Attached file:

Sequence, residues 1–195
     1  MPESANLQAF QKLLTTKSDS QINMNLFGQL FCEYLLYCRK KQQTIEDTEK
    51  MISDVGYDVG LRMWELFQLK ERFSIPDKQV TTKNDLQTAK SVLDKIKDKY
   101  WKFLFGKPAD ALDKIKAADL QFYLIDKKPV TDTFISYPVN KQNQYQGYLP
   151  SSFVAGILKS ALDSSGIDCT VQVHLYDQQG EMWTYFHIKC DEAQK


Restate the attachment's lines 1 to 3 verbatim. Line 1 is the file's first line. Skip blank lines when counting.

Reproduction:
Sequence, residues 1–195
     1  MPESANLQAF QKLLTTKSDS QINMNLFGQL FCEYLLYCRK KQQTIEDTEK
    51  MISDVGYDVG LRMWELFQLK ERFSIPDKQV TTKNDLQTAK SVLDKIKDKY